Why You Need to Trust Your Personal Artistic Process

Welcome to Maker Corner, our monthly series where we feature guest contributions to our blog from QuickFrame’s Maker Community.

This blog was written by QuickFrame maker John-Michael Triana of TRIANA STUDIO. His latest short film, L. A. Rush, is currently in the crowd-funding phase on Indiegogo. This edition discusses John-Michael’s approach to trusting the artistic process as a filmmaker.

Being creative is something an artist cannot control, it comes from an undying need to express themselves.

Artists can’t help the ideas they have, the visions, the thoughts — it’s like a faucet you can’t turn off.

But these ideas have to be produced, they have to move through a means of production, and into some final form. These ideas usually come out a bit different, for good or bad, than initially anticipated, but it’s the process that’s important. That’s where you learn and that’s where you grow. David Lynch discusses this process in depth in Catching the Big Fish, and discuses how an idea has to be transformed and altered and ultimately produced into something, and sticking through it is art.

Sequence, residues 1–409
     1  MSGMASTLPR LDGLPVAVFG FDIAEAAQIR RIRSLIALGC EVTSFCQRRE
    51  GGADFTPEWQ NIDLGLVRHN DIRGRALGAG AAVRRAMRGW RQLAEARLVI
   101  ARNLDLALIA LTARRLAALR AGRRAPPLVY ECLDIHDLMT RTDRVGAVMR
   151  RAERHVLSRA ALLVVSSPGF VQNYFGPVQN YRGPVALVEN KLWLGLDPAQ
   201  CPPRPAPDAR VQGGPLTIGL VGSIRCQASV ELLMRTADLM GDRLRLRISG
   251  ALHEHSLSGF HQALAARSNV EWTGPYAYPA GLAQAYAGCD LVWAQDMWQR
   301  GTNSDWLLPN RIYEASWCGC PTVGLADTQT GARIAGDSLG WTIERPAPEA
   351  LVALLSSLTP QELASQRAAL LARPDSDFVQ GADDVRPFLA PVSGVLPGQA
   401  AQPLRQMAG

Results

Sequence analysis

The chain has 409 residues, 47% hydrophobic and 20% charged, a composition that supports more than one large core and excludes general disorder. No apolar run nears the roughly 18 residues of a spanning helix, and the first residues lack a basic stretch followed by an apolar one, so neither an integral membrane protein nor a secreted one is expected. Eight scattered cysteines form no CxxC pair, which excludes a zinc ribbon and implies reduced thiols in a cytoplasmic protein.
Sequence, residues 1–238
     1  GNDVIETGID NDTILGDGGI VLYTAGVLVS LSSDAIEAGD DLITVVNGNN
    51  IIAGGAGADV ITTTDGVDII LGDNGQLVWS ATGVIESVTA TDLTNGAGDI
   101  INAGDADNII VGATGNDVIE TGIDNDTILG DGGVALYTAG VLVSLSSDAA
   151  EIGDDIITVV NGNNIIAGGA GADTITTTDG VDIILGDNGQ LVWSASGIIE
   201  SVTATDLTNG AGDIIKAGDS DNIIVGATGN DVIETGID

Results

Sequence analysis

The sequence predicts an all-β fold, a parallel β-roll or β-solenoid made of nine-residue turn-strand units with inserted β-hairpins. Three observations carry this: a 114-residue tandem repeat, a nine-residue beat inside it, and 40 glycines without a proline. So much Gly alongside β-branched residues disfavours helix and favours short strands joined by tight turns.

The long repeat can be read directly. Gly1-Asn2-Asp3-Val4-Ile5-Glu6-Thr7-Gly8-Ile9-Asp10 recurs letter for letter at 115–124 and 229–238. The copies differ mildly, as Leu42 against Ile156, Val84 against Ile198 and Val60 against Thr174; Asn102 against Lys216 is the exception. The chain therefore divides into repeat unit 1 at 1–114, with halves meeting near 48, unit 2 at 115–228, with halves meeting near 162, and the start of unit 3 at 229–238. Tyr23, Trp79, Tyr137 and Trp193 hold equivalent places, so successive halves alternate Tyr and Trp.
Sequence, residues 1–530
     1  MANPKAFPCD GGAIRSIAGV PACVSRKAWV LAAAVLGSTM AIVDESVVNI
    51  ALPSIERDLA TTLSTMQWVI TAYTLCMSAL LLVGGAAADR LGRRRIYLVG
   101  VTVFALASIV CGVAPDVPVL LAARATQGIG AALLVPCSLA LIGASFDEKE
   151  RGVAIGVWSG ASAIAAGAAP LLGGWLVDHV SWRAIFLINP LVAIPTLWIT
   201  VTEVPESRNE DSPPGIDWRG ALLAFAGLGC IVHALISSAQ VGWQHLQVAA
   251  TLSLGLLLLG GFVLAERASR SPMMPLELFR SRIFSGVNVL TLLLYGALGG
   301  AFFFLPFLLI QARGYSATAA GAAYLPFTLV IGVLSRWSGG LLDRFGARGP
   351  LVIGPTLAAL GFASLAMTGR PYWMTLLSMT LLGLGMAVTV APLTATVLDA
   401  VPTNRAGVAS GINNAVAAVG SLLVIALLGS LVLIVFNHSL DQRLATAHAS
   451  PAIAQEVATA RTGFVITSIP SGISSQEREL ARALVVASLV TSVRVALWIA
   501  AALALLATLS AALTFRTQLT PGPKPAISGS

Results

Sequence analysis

(L.A. RUSH film still, coursey of TRIANA STUDIO)
(L.A. RUSH film still, courtesy of TRIANA STUDIO)

I love this process, but I also hate this process.

It’s hard.

Ira Glass also has a famous quote on the process of discovering your true artistic self. It’s helpful to read if you are just starting out because he talks about a universal feelings all creatives face.